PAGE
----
Pancreatic ductal adenocarcinoma (PDAC) has the highest mortality rate of all cancers, is rapidly becoming the second leading cause of cancer deaths in the U.S., and is estimated to cost the health care system $2.4 billion each year. Patients with PDAC have a 5-year survival rate of 7% and that number drops to 2% for individuals with metastatic disease. Unfortunately, there has been little progress in shifting patient outcome over the past 40 years, highlighting the need for innovative approaches to define the molecular pathways that influence PDAC development. PDAC can be initiated in exocrine epithelial cells that acquire an activating mutation in the KRAS protooncogene, causing the cells to transition to pancreatic intraepithelial neoplasia (PanIN) lesions that can progress into PDAC. A key transcriptional response to KRAS activity is increased expression of the physiological activator of the coagulation system, Tissue Factor (TF). TF mediates conversion of prothrombin to the active protease thrombin that in turn promotes extensive fibrin deposits within the tumor microenvironment (TME) and activates G-protein coupled protease-activated receptors (PARs) on target cells, including PDAC tumor cells, tumor-associated macrophages (TAMs) and cancer-associated fibroblasts (CAFs). The scientific premise is based on a known relationship between pancreatic cancer and high-level blood coagulation system activity, but is unique in that it will define newly discovered mechanisms of crosstalk by which specific coagulation factors in the TME promote PDAC pathogenesis. Our central hypothesis is that thrombin drives early PanIN development as well as advanced PDAC tumor growth and metastasis by mechanisms linked to both fibrin matrix deposition in the TME and PAR-1 signaling on tumor and TME cells promoting a feed forward pathway of PDAC disease. This hypothesis will be tested by utilizing a combination of unique genetically engineered mouse models, cutting-edge pharmaceutical reagents, and patient-derived PDAC tumor cells to pursue three Specific Aims - (1) determine how the thrombin-fibrin axis contributes to early PanIN development and late stage PDAC tumor growth and metastasis; (2) determine the individual mechanisms by which thrombin receptor PAR-1 signaling on tumor cells, TAMs and CAFs exacerbates distinct aspects of PDAC pathogenesis; and (3) determine the efficacy of pharmacological fibrin and PAR-1 inhibition in halting the progression of established mouse PDAC and human patient-derived xenograft tumors. These studies are significant because they will (i) be the first to define the impact of thrombin throughout PDAC disease; (ii) identify specific mechanisms of thrombin-dependent PDAC disease progression; and (iii) provide novel opportunities to target PDAC tumors using specific state-of-the-art inhibitors of fibrin matrix and PAR-1 signaling pathways. The discoveries made will greatly advance the understanding of mechanisms underlying PDAC disease and are expected to highlight novel therapeutic opportunities for developing improved treatment options - a long-term goal with the greatest benefit to patient outcome.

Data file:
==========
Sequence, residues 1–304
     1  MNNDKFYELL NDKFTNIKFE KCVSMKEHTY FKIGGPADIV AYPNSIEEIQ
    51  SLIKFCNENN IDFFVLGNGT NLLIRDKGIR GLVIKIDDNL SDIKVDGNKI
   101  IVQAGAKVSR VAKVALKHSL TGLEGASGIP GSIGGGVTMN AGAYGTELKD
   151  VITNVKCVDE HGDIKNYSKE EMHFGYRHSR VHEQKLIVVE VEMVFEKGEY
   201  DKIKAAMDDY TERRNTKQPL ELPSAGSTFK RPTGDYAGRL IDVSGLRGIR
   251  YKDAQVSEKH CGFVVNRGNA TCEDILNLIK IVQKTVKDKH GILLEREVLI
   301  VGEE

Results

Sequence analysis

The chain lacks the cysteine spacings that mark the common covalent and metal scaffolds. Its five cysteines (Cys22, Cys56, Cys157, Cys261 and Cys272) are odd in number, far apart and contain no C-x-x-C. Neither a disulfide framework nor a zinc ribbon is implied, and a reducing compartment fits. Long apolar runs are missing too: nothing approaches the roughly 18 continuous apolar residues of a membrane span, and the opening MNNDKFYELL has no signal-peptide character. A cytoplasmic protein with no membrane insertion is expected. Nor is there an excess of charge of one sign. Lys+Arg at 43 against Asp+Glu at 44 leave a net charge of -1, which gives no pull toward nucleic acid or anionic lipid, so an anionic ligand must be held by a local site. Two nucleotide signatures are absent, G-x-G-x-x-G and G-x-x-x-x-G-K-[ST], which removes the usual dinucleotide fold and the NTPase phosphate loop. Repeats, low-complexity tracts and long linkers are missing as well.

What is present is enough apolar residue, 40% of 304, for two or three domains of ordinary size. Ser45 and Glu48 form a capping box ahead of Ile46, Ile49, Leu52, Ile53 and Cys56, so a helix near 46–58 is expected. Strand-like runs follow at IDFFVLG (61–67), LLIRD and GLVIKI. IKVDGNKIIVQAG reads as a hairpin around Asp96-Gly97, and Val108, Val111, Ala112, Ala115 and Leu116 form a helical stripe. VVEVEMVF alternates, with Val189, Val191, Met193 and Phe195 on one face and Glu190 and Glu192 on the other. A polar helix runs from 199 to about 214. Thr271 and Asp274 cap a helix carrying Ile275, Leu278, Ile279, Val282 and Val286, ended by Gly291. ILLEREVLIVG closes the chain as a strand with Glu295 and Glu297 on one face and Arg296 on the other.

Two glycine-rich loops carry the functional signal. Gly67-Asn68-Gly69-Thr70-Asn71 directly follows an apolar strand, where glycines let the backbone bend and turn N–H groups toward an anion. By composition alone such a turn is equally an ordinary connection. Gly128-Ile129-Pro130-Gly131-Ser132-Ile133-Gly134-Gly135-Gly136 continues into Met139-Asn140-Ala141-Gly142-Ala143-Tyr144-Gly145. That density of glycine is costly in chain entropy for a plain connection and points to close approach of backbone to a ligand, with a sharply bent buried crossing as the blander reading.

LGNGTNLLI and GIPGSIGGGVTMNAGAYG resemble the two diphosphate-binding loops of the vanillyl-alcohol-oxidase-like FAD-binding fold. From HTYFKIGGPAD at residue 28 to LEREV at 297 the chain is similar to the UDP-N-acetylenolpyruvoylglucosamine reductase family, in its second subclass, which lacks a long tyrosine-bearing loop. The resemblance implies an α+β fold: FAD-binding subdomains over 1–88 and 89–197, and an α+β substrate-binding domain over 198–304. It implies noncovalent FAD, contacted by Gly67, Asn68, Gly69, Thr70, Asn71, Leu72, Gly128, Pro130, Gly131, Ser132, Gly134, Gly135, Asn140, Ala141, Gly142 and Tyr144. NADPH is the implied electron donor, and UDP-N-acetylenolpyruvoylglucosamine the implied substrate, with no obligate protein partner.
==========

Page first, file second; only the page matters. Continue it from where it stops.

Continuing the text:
Public Health Relevance

Pancreatic ductal adenocarcinoma (PDAC) is expected to become the second leading cause of cancer deaths in the U.S. within the next 4 years, costing the health care system $2.4 billion each year. The primary goal of the proposed research is to define the mechanisms by which blood coagulation factors influence both the tumor microenvironment and primary and metastatic tumor cells in promoting PDAC disease. This research program is highly relevant to public health because it will foster creative discoveries in exploiting the coagulation system, leading to greatly improved therapies for PDAC patients

National Institute of Health (NIH)
National Cancer Institute (NCI)
Research Project (R01)
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Tumor Microenvironment Study Section (TME)
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Ault, Grace S
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Cincinnati Children's Hospital Medical Center
United States
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